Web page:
Thesis: Code and conduct: social mind plasticity in young adults with high-functioning autism
Research: My research investigates if it is possible for adults with high-functioning autism to develop a social mind. The study looks at young adults with high-functioning autism (henceforth “HFA”) during the transition to university. Adults with HFA are a poorly understood group that often face immense challenges in the shift to independent living. This project aims to explain why autistic neurology became a pathology. It fills a gap in the existing literature by situating autism in an ecological and evolutionary context. My hypothesis predicts that social dysfunction in HFA manifests relative to social structure and the degree of explicit, culturally coded rules for social practice. I will combine experimental and ethnographic methods toward an anthropology of autism that considers autism as a facet of the human condition that is on the one hand a biological reality, and on the other hand a constructed category that bears upon individual experience. A testable hypothesis for the effect of socioecology and shared social rules on expressions of autistic phenotypes in adults with HFA provides a meaningful and original contribution to autism discourse with potential for further applications in policy, health care, and student welfare.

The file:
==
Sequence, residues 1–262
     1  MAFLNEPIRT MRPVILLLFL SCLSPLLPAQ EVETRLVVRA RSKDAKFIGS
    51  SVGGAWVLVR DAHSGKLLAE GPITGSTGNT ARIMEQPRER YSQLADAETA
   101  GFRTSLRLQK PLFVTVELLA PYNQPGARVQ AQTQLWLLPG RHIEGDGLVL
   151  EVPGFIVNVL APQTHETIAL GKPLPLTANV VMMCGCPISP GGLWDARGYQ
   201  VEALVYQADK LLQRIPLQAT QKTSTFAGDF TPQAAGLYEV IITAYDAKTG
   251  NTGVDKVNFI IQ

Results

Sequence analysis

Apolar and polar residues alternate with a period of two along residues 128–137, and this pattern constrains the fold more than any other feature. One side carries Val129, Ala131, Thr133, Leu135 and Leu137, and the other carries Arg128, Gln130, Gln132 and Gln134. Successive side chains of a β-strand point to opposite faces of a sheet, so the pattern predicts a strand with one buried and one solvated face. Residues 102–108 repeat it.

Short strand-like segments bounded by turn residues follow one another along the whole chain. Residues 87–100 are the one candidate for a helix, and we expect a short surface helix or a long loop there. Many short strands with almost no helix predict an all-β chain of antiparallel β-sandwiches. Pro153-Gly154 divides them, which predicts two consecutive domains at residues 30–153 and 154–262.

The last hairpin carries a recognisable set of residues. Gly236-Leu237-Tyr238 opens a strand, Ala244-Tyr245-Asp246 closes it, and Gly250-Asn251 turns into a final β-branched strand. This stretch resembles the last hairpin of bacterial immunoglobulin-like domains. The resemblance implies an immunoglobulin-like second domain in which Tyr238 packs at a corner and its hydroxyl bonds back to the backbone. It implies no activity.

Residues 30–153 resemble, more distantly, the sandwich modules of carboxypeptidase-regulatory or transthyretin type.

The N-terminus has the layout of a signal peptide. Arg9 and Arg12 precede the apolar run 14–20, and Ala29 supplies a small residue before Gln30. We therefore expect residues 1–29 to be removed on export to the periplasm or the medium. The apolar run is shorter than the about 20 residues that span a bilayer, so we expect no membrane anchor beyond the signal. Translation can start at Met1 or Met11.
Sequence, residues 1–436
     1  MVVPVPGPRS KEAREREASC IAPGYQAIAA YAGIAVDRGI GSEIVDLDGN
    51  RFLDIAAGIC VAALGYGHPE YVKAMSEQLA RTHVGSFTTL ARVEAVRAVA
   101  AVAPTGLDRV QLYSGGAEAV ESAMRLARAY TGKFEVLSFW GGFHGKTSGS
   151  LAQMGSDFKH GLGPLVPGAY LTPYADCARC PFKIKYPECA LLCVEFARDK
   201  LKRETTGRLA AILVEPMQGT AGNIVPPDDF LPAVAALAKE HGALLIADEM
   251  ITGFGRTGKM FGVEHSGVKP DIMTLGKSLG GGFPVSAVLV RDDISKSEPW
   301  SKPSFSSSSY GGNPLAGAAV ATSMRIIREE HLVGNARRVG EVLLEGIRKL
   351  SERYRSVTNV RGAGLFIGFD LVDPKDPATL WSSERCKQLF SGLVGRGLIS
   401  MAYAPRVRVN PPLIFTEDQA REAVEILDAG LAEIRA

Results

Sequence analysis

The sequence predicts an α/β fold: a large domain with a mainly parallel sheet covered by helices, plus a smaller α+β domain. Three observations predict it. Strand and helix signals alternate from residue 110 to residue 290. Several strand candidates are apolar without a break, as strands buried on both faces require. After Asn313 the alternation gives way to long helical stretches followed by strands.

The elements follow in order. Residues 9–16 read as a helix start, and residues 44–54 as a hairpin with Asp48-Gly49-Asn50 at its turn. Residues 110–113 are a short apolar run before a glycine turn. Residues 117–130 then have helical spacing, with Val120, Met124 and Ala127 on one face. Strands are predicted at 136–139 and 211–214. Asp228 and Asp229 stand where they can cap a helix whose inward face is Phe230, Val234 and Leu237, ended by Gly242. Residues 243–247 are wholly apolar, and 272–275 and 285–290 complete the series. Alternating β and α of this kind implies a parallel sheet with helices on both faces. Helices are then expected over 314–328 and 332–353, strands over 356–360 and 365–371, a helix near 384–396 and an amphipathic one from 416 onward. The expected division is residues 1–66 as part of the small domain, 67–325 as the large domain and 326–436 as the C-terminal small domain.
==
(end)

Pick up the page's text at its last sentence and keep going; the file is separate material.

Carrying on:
Other research interests: Biological and evolutionary anthropology; epigenetics and phenotypic plasticity; social change, rules and morality; mental health; nationalism and neonationalism; indigeneity (particularly the Saami); postindustrialism and globalization; anthropology of Europe.